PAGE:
Susan Fiona Dorinthea Michie is the granddaughter of Henry McLaren, the 2nd Baron Aberconway, an Eton-educated Edwardian industrialist and Liberal MP. 

He inherited major interests in coal, iron, steel and engineering conglomerates, and created the sumptuous gardens at Bodnant House, a stately home set in 5,000 acres near Snowdonia.

Her mother, Dame Anne McLaren, was born at Aberconway House, the family’s imposing 2,800-square-metre second residence in London‘s Mayfair, and was one of the world’s leading biologists. When she died in 2007, aged 80, she left £52million in her will.

Ms Michie’s father, meanwhile, was an eminent computer scientist who was the son of a wealthy banker whose photo is among the National Portrait Gallery’s collection.

Despite these moneyed roots, the blue-blooded Susan, 62, marches to the beat of her own drum.

She stretches her every sinew in pursuance of a class war as a member of the Communist Party of Britain.

The article then described the speech she gave in early March 2018:

On Monday night, she addressed a meeting of about 40 true believers at the Marx Memorial Library in London’s Clerkenwell.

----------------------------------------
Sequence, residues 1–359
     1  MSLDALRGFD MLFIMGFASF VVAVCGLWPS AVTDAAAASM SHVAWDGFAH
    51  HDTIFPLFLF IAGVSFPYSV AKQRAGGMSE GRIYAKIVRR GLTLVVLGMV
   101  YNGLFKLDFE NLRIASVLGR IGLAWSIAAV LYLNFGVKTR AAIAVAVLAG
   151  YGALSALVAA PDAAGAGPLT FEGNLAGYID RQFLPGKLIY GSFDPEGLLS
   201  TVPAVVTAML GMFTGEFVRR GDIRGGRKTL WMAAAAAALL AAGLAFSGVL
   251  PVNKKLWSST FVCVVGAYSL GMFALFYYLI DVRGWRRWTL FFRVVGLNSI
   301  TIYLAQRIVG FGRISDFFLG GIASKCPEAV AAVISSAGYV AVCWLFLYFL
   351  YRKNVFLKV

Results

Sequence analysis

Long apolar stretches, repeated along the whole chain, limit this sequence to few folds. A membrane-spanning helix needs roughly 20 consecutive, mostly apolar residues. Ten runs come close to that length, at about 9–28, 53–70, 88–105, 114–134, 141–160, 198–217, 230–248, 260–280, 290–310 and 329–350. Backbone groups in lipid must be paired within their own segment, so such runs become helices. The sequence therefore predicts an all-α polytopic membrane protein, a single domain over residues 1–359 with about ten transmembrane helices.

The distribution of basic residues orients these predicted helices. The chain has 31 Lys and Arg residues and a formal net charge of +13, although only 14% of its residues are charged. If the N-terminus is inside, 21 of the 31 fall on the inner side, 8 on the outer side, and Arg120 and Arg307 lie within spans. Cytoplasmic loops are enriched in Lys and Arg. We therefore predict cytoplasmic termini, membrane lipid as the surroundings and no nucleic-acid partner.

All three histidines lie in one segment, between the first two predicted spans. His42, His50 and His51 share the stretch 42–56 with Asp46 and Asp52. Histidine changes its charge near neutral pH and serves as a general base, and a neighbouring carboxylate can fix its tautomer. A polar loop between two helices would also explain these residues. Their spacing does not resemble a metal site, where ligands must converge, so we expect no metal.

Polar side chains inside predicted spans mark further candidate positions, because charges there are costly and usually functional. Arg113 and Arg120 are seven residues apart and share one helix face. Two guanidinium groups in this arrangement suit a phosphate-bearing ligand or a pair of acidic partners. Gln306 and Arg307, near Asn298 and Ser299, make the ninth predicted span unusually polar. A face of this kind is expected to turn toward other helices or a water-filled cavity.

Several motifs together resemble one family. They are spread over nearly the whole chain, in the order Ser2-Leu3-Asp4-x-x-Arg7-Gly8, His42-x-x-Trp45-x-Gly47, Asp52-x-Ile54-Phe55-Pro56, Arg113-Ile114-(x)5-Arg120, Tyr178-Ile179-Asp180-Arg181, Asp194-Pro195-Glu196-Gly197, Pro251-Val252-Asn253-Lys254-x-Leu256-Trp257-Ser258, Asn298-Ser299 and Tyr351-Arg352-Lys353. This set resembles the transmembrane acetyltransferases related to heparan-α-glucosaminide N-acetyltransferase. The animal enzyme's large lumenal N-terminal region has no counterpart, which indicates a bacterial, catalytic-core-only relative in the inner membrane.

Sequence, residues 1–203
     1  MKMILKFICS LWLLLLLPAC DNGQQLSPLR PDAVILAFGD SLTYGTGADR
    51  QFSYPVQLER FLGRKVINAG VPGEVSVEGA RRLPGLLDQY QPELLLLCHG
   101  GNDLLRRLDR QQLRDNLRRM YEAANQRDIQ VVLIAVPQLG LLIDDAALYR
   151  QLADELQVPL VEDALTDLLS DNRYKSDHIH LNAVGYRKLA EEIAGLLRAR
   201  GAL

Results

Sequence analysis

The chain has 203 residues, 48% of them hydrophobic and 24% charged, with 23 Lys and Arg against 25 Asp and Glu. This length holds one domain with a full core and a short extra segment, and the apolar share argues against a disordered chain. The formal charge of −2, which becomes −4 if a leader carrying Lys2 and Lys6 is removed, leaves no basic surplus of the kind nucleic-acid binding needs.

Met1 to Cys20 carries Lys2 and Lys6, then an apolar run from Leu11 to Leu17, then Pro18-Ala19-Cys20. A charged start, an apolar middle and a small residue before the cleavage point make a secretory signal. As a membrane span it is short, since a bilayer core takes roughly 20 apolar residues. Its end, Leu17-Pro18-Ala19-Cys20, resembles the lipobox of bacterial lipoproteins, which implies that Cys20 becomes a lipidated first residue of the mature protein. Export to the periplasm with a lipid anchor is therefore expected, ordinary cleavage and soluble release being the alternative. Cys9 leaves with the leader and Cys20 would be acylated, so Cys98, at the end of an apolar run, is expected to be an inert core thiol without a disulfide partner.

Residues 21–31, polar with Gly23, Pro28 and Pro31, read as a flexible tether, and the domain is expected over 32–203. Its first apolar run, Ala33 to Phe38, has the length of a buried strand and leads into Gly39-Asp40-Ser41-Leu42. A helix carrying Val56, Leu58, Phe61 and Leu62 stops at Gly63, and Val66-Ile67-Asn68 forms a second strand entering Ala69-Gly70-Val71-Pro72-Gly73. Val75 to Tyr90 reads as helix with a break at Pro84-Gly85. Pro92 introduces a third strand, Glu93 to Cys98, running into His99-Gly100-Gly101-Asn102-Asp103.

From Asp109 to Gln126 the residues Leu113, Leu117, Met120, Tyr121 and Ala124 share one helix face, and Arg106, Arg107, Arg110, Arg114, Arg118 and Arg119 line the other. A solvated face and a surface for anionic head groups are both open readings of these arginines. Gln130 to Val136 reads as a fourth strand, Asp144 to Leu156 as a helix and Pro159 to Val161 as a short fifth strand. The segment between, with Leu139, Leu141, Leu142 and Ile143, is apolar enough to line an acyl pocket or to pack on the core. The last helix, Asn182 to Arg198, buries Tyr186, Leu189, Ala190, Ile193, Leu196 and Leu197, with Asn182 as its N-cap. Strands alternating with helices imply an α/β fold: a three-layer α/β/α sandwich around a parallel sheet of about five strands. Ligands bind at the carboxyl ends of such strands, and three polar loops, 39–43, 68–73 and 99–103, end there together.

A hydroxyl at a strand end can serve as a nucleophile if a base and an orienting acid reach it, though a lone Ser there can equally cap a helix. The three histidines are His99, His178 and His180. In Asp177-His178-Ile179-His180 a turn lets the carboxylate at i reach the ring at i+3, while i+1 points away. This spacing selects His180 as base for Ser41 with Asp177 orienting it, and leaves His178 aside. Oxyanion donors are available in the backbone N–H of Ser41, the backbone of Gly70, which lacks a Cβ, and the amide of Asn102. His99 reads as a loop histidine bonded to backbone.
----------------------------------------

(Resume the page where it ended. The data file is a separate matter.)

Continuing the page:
She delivered her speech while standing beneath a portrait of Cuban dictator Fidel Castro, a bronze of Lenin and an array of Soviet flags

Seemingly oblivious to the irony, this lifelong beneficiary of inherited wealth began by saying: ‘We, the working class.’

During the course of a two-hour talk, Ms Michie (whose day-job is as a university academic) made a comment that broke almost a century of hard-Left tradition. 

Britain’s Communist Party, she said, is urging its members to work ‘full tilt’ to help get a Labour prime minister.

This development — after decades of Communists and Labour operating on very separate lines — is a direct result of Labour’s lurch to the hard Left under Jeremy Corbyn.

Already, there have been signs of this change of policy with the Communists deciding last year not to split the Left-wing vote by fielding their own candidates at the General Election.

With the two parties increasingly in harmony (Ms Michie declared it ‘a really good situation to work much more closely than we have in the past’), the Communists — by way of a ‘priority’ — are advising their comrades to actively campaign on Corbyn’s behalf.

In the general election of December 2019, Labour suffered its worst result since 1935.

Sir Keir Starmer eventually replaced Jeremy Corbyn as Labour leader.

Now on to Michie’s activity as a SAGE member.

Regular media appearances

By May 2020, Michie was already becoming a regular guest on various news programmes:

As Guido Fawkes explained, Michie is not only a member of SAGE but also Independent SAGE, a breakaway group (emphases in the original, those in purple mine):